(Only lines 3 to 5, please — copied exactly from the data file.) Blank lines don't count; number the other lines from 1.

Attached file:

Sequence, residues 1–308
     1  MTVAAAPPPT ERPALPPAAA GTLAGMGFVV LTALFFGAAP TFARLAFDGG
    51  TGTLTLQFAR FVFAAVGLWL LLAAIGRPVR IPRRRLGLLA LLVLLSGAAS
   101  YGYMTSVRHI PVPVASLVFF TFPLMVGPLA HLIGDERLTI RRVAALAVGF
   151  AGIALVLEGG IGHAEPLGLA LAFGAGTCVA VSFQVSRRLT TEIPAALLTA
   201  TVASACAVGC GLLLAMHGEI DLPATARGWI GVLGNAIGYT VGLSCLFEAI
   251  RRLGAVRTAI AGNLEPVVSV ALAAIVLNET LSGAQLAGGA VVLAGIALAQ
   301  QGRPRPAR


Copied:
    51  TGTLTLQFAR FVFAAVGLWL LLAAIGRPVR IPRRRLGLLA LLVLLSGAAS
   101  YGYMTSVRHI PVPVASLVFF TFPLMVGPLA HLIGDERLTI RRVAALAVGF
   151  AGIALVLEGG IGHAEPLGLA LAFGAGTCVA VSFQVSRRLT TEIPAALLTA